FOLLOWING ON FROM my previous post, this segment of my ‘End of the Line’ series continues my exploration of the sounds in and around La Défense – Grande Arche, the westerly terminus of Paris Métro Line 1.
In the previous post I explored the sounds inside the station complex and so I turn now to my exploration outside the station.
La Défense from Pont de Neuilly
Bearing in mind that sounds don’t exist in a vacuum, my exploration of the sounds of a place invariably lead me to explore the history of that place in order to underpin today’s sounds and to give the sounds a broader context.
We know something about the area now known as La Défense long before it came to prominence as the purpose-built business district of Paris that it is today.
Emile Zola touches on it in the opening chapter of his nineteenth-century novel, Le Ventre de Paris:
“Amidst the deep silence and solitude prevailing in the avenue several market gardeners’ carts were climbing the slope which led towards Paris, and the fronts of the houses, asleep behind the dim lines of elms on either side of the road, echoed back the rhythmical jolting of the wheels. At the Neuilly bridge a cart full of cabbages and another full of peas had joined the eight wagons of carrots and turnips coming down from Nanterre; and the horses, left to themselves, had continued plodding along with lowered heads, at a regular though lazy pace, which the ascent of the slope now slackened. The sleeping wagoners, wrapped in woollen cloaks, striped black and grey, and grasping the reins slackly in their closed hands, were stretched at full length on their stomachs atop of the piles of vegetables. Every now and then, a gas lamp, following some patch of gloom, would light up the hobnails of a boot, the blue sleeve of a blouse, or the peak of a cap peering out of the huge florescence of vegetables — red bouquets of carrots, white bouquets of turnips, and the overflowing greenery of peas and cabbages.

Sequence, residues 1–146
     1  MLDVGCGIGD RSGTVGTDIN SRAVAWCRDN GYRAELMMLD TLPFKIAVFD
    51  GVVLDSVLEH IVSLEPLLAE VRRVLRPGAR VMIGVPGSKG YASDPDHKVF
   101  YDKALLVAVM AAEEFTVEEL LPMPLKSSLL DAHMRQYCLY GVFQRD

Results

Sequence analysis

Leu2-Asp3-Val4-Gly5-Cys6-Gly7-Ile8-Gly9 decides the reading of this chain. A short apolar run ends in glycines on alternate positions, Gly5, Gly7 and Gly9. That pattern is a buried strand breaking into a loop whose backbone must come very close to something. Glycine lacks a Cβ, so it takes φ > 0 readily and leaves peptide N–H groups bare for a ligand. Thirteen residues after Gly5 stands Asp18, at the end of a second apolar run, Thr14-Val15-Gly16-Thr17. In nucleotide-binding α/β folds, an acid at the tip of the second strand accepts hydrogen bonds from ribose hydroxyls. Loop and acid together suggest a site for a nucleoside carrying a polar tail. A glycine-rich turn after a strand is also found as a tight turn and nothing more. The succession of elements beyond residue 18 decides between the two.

And all along the road, and along the neighbouring roads, in front and behind, the distant rumbling of vehicles told of the presence of similar contingents of the great caravan which was travelling onward through the gloom and deep slumber of that matutinal hour, lulling the dark city to continued repose with its echoes of passing food.”
Le Ventre de Paris: Emile Zola: Published in 1873
In the eighteenth and early nineteenth century the area of Nanterre, around what we now know as La Défense, was mainly cultivated land growing cereals, vines and vegetables. It was from this cultivated land that Emile Zola’s wagoners were hauling their vegetables to Les Halles, the vast central market in the centre of Paris.
Le Ventre de Paris may be a work of fiction but Emile Zola was known as an astute observer of Parisian life so his description of the wagoners at Pont de Neuilly on their way from Nanterre to Les Halles gives us a sense of what this area was probably like in the nineteenth century.
What is now the business district of La Défense takes its name from a statue erected in 1883. Created by the French sculptor Louis-Ernest Barrias, the statue, La Défense de Paris, is a monument to those who defended Paris in the Franco-Prussian War of 1870 – 1871. The statue depicts a woman dressed in a uniform of the National Guard leaning on a cannon and holding a flag. She represents the allegorical figure of the city of Paris. The defenders of the city take on the features of a young soldier who places a last cartridge in his Chassepot rifle. The two figures were originally looking towards Buzenval, the place of the last combats in January 1871. On the other side of the monument is a prostrate girl who, with her sad expression and miserable appearance, personifies the sufferings of the civilian population.
La Défense de Paris by Louis-Ernest Barrias
From 19th September 1870 to 28th January 1871, Paris was under siege by Prussian forces surrounding the city.
Conditions in Paris deteriorated and there was soon a severe shortage of food. Parisians were forced to eat whatever animals were at hand. Rats, dogs, cats, and horses were the first to be slaughtered and became regular fare on restaurant menus. Once the supply of those animals ran low, the citizens of Paris turned on the zoo animals at the Jardin des Plantes. Even Castor and Pollux, the only pair of elephants in Paris, were slaughtered for their meat.
A Christmas menu on the 99th day of the siege. Dishes include stuffed donkey’s head, elephant consommé, roast camel, kangaroo stew, antelope terrine, bear ribs, cat with rats, and wolf haunch in deer sauce.